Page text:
That's it. It's a great consistency, it crusts wonderfully and it tastes great. It may have cream cheese in it, but it's not a cream cheese frosting per se.
I use it on all my cakes. (well the ones that call for plain BC). I dress it up every now and then and add strawberries to make a filling and most any kind of fruit preserve works well with it. Put lemon or orange zest in it too.




Iwould like to try this. Does this frosting need refrigeration or no? icon_smile.gif

StormyHaze Posted 6 Sep 2011 , 5:51am
post #5 of 9

how big should the bits of butter be when adding it?

carmijok Posted 6 Sep 2011 , 6:03am
post #6 of 9

Joycesdaughter...Yes, this frosting needs to be refrigerated. I fill and crumbcoat and let it cool and harden in the fridge then smooth more layers on, refrigerating between each one until I don't see cake anymore. Makes a nice base and you don't have to worry about cake pulling up.

I deliver my cakes cold an hour or two before events. They come to room temp slowly and are good for hours. I do NOT put this kind of BC outside ever! You can see in my photos what extreme heat can do to this kind of cake.(the crashed topsy turvy).

And Stormyhaze: I just dump the butter in the bowl. It should be softened (room temp soft...not melty soft) so there is no reason to cut it into pieces. Just make sure you blend the butter and cream cheese well. It should look light and fluffy.

StormyHaze Posted 6 Sep 2011 , 6:12am
post #7 of 9

I meant for the other type of frosting, when adding butter to a eggs/sugar mixture.

Tails Posted 6 Sep 2011 , 1:44pm
post #8 of 9

I can recommend two recipes:

this one I've tried:
http://cakecentral.com/recipes/18502/all-butter-american-buttercream

and this one I want to try, but maybe you can get to it before I can find the time to. She does a wonderful video where she explains how quickly to add the butter, etc:

http://www.crumbboss.com/?p=39 - watch her vids on YouTube, but be warned, they're addictive!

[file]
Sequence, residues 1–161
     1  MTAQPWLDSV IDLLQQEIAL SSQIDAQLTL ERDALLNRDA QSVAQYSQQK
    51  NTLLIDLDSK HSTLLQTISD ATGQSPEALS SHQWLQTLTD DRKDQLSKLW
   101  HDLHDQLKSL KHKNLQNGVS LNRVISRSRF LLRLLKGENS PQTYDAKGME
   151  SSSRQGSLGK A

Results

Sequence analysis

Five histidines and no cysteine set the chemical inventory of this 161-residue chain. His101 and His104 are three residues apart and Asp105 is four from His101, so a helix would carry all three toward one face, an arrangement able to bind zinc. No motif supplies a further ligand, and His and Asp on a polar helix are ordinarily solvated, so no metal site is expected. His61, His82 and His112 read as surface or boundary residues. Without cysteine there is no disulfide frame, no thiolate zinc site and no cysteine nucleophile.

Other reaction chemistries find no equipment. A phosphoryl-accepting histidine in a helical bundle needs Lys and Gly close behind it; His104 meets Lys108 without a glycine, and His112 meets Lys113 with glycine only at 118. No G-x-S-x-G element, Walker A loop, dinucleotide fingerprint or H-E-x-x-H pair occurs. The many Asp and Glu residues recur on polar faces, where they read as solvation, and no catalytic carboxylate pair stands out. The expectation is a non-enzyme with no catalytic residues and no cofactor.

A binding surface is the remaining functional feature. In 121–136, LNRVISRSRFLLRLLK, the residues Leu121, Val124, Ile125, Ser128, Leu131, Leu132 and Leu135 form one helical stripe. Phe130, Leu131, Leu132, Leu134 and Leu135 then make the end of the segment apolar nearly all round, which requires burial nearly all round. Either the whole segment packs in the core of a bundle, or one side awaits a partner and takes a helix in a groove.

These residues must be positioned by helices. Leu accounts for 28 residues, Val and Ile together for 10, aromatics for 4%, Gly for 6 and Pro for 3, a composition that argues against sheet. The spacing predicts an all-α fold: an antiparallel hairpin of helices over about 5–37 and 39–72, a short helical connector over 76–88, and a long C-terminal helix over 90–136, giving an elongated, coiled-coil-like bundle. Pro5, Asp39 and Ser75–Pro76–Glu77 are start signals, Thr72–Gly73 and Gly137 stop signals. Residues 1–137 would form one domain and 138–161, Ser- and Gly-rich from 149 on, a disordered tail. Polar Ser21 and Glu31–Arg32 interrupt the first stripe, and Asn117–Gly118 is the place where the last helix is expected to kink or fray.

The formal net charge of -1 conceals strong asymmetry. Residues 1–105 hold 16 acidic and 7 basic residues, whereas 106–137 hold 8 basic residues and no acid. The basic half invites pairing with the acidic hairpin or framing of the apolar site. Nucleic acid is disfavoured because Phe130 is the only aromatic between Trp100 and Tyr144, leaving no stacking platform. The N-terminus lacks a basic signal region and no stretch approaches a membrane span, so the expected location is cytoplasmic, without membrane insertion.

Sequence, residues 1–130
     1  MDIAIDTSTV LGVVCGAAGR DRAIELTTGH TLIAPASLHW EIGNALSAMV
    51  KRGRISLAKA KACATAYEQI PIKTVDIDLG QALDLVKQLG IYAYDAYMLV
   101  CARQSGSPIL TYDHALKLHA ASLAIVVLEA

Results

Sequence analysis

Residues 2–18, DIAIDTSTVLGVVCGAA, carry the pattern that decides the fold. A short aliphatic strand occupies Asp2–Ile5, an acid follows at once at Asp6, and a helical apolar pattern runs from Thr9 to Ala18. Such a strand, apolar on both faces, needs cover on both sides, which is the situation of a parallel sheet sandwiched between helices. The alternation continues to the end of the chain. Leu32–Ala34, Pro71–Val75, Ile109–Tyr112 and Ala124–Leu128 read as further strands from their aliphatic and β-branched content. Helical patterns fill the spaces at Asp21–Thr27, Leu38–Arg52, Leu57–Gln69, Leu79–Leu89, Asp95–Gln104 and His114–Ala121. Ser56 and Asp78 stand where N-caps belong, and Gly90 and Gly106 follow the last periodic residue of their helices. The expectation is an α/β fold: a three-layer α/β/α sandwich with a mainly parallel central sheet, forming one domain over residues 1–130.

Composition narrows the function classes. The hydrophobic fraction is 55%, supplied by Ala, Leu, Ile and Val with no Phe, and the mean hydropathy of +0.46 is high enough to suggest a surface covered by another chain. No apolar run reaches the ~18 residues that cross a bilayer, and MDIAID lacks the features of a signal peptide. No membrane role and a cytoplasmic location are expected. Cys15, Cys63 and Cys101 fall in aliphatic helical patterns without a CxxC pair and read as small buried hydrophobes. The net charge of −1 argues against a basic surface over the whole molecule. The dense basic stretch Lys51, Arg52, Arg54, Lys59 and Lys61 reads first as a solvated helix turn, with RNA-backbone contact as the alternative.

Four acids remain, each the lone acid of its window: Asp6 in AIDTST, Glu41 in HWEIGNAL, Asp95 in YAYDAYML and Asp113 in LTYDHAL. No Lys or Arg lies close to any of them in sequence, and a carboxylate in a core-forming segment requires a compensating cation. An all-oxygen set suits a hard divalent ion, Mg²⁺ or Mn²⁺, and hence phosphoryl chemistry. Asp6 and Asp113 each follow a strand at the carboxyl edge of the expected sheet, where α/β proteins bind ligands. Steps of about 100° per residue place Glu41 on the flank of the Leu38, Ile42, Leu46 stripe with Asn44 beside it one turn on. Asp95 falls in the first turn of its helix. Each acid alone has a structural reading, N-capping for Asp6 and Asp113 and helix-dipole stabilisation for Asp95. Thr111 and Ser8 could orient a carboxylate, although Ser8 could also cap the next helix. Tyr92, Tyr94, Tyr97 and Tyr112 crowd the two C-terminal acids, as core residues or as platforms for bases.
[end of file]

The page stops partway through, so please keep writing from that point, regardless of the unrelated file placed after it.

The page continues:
cai0311 Posted 8 Sep 2011 , 8:20pm
post #9 of 9

I am assuming you put the egg whites in the mixer, boil sugar and water, add to egg whites...basically IMBC...right?

If the recipe is basically IMBC, how long are you mixing it? When I make IMBC it takes about 40 minutes of mixing on high (kitchen aid table mixer) before the melted "soup" of butter, egg whites and sugar water becomes icing.

Here is the recipe I use:
http://cakecentral.com/recipes/16223/italian-butter-cream-try-it-youll-never-go-back-to-basic-buttercream

Some people let the egg white and sugar water mixture cool, others pack frozen bags of veggies around the mixing bowl to help cool the icing. I just keep mixing and mixing and mixing. I have never had the recipe fail, but it takes a long time to make it correct.

I have never added any time of puree to the icing. That may be messing it up. I would suggest making the icing without the puree. Then add the puree at the end. That way you know the consistancy of the icing and how much extra liquid it will be able to handle.

Have you tried adding the strawberry filling from a sleeve to the icing (once again, fter the icing is made)? That is what I do. This doesn't really add any extra liquid.